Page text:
Redistricting season is now in full swing as the U.S. Census Bureau today released the data needed to begin the process, which will have lasting effects for more than a decade. The delivery of the data was delayed for several months due to the COVID-19 pandemic causing an uproar in the state of Alabama, resulting in a lawsuit that federal judges rejected. However, it ultimately resulted in the Census Bureau committing to releasing its raw data in “legacy format today,” which requires additional handling to extract data properly. With the release of today’s data, redistricting work can officially begin. A more user-friendly version will be released by Sept. 30, 2021. [Source: U.S. Census Bureau].
Every decade Alabama Legislators come together to draw new district lines that give every vote in Alabama equal weight and all communities equal access to the decision-making processes that determine funding for schools, hospitals and other essential services. Grassroots organizations and coalitions in Alabama have come together to ensure state legislators draw fair maps and advocate for all Alabama residents, especially historically underrepresented groups, to get the representation and resources they deserve.
“The delay this year creates a unique opportunity for more people to learn about the process, learn about how voting district maps impact their daily lives, and then express their opinions to their state and local decision-makers,” said Evan Milligan, executive director of Alabama Forward. “It is even more important that more Alabamians committed to voting rights weigh-in on the process, because this will be the first round of redistricting since the passage of the 1965 Voting Rights Act that will not require Alabama and other southern governments to submit their state legislative maps to the U.S. Department of Justice for preclearance. Previously, the DOJ was authorized to assess voting district maps to ensure that they didn’t violate the voting rights of racial, ethnic and language minority groups. That feature will not be available this year, so it’s even more important for Alabamians concerned about protection of voting rights to make their voices heard.”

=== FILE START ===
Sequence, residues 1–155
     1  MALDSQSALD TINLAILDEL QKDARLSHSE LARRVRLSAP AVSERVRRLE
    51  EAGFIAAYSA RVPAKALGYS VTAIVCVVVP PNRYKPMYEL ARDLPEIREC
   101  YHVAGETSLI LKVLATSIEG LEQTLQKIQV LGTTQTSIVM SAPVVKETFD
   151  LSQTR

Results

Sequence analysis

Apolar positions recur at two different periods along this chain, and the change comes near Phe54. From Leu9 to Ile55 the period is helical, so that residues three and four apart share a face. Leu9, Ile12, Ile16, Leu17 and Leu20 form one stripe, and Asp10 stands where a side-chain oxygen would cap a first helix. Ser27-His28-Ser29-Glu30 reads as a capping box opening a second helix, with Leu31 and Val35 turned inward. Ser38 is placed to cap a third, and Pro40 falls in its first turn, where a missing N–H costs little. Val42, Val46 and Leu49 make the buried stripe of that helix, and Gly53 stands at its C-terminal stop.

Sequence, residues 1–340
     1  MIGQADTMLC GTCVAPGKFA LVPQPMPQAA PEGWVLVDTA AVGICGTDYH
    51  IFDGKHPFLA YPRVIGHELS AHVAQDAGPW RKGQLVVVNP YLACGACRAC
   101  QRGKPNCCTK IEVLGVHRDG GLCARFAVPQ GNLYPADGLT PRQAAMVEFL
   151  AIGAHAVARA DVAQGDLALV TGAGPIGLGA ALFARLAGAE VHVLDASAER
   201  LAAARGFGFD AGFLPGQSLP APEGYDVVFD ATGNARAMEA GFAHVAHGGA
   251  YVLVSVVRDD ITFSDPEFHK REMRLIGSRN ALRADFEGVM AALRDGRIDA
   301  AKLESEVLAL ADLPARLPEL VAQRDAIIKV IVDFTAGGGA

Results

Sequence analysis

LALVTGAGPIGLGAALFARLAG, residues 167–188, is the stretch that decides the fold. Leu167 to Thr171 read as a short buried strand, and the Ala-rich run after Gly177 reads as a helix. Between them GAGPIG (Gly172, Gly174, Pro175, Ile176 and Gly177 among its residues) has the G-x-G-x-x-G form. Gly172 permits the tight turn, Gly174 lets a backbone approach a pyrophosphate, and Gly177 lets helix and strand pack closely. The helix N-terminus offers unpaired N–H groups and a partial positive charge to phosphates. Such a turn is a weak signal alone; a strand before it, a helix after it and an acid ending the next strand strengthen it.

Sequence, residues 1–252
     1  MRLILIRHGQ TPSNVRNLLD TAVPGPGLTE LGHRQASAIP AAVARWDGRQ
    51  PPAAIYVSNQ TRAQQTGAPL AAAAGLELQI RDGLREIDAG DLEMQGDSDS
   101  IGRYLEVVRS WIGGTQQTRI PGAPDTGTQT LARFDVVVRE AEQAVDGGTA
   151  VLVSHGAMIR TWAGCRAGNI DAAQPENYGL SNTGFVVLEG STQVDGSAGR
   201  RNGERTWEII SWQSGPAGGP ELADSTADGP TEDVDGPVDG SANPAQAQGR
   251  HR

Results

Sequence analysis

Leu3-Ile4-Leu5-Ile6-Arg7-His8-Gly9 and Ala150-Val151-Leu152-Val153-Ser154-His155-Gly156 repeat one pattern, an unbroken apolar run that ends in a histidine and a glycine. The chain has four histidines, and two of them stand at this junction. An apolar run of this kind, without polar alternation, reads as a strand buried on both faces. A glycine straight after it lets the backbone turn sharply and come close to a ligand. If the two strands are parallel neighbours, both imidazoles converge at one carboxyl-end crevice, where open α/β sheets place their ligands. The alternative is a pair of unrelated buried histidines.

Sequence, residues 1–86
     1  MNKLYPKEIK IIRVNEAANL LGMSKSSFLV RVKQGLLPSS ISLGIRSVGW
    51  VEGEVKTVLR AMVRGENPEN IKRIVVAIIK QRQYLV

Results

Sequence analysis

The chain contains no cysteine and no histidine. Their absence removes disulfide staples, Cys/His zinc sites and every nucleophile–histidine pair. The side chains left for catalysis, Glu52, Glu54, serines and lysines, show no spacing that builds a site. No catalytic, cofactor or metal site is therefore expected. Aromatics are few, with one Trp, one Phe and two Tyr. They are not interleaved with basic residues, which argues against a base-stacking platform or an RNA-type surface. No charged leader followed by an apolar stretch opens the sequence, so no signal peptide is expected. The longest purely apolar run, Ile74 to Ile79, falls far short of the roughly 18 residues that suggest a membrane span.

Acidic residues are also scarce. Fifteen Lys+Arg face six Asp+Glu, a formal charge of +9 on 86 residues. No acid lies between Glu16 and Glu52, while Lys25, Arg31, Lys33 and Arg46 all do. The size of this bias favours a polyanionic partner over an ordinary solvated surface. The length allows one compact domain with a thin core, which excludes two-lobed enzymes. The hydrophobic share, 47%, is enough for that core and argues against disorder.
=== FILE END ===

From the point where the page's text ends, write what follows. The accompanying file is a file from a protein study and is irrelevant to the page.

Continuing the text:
As the state’s civic table, Alabama Forward, has been working to bring together nonpartisan organizations with a goal of safeguarding the redistricting process. Through coalition building, financial grants and technical assistance offered by Alabama Forward, civic engagement groups and members of Alabama Forward have created resources to empower communities to speak up for a fair mapping, fair districting through the following initiatives:
A partnership with the Southern Coalition for Social Justice through their CROWD Fellowship program to provide training throughout the state to show Alabama residents how political maps impact their daily lives and what they can do to be a part of the map-making process.
“I got involved in the CROWD Fellowship program because I wanted to learn about redistricting to give communities the tools and the resources to learn about the process also,” said SCSJ CROWD Fellow at Alabama Forward Khadidah Stone. “I’m hoping that people get involved in the process, and people have a voice in what they want in their community and the power to choose who represents them and not the other way around.”